Factsheet: Indonesia's Election
June 7th, 1999
by Borgna Brunner
This article was posted on June 4, 1999.
On the eve of Indonesia's first free parliamentary election since 1955, 48 political parties are jockeying for position (another 93 failed to make the cut). The June 7th election will elect 462 members of Parliament, a large part of the 700-seat assembly that will select the next President and Vice President on November 10.
No party is expected to win a majority, including Golkar, the ruling party of President B. J. Habibie and former President Suharto. Habibie has made significant reforms unimaginable under Suharto's rule—a free press flourishes, political prisoners have been released, East Timor has been offered the opportunity to secede, and truly democratic elections are in progress—but his association with Suharto has indelibly tainted him.
The three other major parties in the election have signed a coalition pact to guarantee Habibie's ouster:
Partai Demokrasi Indonesia-Perjuangan (Indonesian Democracy Party-Struggle, PDI-P), led by Megawati Sukarnoputri, is probably the strongest party. Megawati is the daughter of Sukarno, Indonesia's first president, and had been the head of the PDI in 1994 until Suharto had her removed.
This had the effect of making her a political martyr, and she formed a new PDI, adding "Struggle" to its title, emphasizing her attempts to surmount the old regime. (There is still an old PDI, but it has little power.) Among her struggles are the numerous Islamic groups who have objected to a woman leading the government.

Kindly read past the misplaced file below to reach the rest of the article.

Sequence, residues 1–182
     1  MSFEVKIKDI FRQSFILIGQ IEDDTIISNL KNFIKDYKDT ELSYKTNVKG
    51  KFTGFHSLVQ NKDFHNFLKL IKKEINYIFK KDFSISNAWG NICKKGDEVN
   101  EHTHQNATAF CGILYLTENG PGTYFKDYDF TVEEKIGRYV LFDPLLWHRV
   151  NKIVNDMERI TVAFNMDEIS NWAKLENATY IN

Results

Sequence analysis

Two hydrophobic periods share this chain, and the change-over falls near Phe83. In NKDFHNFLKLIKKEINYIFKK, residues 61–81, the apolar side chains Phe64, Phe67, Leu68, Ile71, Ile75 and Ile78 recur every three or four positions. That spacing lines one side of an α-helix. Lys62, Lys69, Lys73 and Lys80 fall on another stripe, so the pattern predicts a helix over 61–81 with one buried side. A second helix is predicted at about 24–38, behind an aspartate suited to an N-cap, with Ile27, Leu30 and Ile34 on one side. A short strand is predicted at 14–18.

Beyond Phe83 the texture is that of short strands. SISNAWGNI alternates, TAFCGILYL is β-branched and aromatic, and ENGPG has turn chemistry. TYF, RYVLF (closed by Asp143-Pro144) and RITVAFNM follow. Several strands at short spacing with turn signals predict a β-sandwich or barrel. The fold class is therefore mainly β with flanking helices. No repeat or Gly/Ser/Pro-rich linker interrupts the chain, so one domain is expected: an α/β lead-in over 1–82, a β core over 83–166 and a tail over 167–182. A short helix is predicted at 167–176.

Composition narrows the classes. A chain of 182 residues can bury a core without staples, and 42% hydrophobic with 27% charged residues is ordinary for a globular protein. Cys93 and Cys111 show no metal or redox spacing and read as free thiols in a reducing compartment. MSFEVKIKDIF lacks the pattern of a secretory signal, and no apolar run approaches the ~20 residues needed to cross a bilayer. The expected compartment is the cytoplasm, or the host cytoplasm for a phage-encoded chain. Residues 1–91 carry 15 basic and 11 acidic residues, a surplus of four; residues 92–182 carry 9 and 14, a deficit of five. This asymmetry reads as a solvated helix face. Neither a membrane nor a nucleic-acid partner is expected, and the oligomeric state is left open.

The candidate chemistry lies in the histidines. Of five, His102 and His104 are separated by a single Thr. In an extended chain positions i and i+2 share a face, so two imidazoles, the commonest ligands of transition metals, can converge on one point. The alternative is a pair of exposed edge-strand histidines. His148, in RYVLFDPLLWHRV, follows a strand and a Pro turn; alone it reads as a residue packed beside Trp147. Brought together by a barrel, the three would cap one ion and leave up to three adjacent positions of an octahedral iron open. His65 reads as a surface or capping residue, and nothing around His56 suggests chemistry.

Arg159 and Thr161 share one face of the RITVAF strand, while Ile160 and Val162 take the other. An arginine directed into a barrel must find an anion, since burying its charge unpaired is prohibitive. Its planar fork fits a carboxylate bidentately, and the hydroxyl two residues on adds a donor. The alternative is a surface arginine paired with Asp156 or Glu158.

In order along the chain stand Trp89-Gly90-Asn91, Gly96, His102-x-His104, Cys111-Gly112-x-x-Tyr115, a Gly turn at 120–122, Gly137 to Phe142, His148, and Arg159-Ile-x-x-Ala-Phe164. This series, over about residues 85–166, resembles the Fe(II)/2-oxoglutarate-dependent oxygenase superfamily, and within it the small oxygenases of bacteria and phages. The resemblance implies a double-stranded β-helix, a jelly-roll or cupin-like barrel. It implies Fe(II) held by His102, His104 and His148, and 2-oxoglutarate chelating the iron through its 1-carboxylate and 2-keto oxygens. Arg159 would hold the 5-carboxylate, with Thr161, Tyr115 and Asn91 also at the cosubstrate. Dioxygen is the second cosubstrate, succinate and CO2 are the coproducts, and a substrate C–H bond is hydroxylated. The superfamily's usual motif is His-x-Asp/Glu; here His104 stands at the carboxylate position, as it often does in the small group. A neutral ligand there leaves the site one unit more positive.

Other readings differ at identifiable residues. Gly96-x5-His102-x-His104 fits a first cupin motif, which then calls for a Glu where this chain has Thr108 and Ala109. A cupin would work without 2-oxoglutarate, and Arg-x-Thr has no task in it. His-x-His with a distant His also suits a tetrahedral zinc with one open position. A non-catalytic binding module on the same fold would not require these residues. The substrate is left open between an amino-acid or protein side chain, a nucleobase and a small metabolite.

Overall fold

Partai Amanat Nasional (National Mandate Party, PAN) is led by Amien Rais. One of the first leaders to call for Suharto's resignation, he was the leader of a 28-million-member Islamic social association before entering politics. His platform, however, is pluralistic and liberal, and he advocates a secular rather than an Islamic state.
Partai Kebangkitan Bangsa (National Awakening Party, PKB) is led by Abdurrahman Wahid, who is also the leader of the nation's largest Muslim social organization. Like Rais, he believes in a secular state and is also pluralistic—he supports the Chinese minority, for example, which is rare among Muslim leaders. Poor health may limit his candidacy, however.
In one sense the election is an exhilarating example of the democractic process at work — for the first time silenced groups are participating openly in Indonesian politics, and for once, the results of the election are not staged and are genuinely unpredictable.
At the same time, however, the fragmentation and factionalism of these flegling political parties may create a government ineffective and lacking direction, which is particularly dangerous in a country fraught with economic catastrophe and rife with ethnic violence and secessionism.